It is very difficult to discuss the reasons for the proliferation of caste association in the Presidency of Madras. However, M.N. Srinivas attempts to explain the situation which facilitated the growth and development of caste organizations. The mighty revolution which took place in the field of transport and communication during the British regime was one of the primary causes for the mobility of the people from one region to another. The British administrators launched schemes for the improvement of communications and transport. They constructed railways, dug canals and laid roads which were the linkages of trade and social intercourse.15 As a result, new towns and cities emerged and they became centers of economic, administrative and educational activities which integrated the previously demolished communities together.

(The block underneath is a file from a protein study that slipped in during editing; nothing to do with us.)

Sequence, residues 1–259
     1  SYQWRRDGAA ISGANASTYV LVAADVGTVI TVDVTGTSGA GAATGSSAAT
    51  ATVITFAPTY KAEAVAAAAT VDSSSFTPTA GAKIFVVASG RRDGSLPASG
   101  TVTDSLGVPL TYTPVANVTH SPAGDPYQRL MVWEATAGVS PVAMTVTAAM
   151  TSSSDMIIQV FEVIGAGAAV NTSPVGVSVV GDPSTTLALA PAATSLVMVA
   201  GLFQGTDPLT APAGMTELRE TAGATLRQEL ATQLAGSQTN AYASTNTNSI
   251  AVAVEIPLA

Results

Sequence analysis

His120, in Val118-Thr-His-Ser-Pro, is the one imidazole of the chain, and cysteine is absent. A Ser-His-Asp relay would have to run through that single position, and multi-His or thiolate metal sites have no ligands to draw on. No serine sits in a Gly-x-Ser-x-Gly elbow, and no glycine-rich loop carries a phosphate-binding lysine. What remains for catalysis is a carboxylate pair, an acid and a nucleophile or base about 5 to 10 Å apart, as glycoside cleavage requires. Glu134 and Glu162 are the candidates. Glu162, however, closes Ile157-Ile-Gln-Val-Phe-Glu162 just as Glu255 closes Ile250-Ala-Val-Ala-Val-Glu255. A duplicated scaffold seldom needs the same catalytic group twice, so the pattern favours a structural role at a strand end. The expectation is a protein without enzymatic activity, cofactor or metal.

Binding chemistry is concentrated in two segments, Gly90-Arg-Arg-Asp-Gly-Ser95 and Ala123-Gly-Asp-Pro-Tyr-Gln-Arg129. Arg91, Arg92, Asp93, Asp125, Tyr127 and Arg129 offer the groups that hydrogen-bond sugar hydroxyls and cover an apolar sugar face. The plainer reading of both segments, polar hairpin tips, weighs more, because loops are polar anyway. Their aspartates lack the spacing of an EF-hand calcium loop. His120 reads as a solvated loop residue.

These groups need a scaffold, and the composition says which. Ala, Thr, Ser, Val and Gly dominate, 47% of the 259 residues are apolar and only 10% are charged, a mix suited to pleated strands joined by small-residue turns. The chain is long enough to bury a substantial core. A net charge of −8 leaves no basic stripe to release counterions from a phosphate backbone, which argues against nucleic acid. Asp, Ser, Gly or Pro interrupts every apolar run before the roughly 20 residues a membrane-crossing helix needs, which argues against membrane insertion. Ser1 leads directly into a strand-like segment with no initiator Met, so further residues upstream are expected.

The growth of literacy as result of Tamilian renaissance caused intellectual awakening among the people of Madras Presidency and helped them to get politicesd. Similarly, the press, a powerful agency of modernization carried the ideas and thoughts of people of one group to another over long distance and created wider areas of social perceptions. M.N. Srinivas is of the opinion that new patterns of mobility which the caste associations encouraged shattered the extreme parochialism of South India life and paved the way for wider social contact.16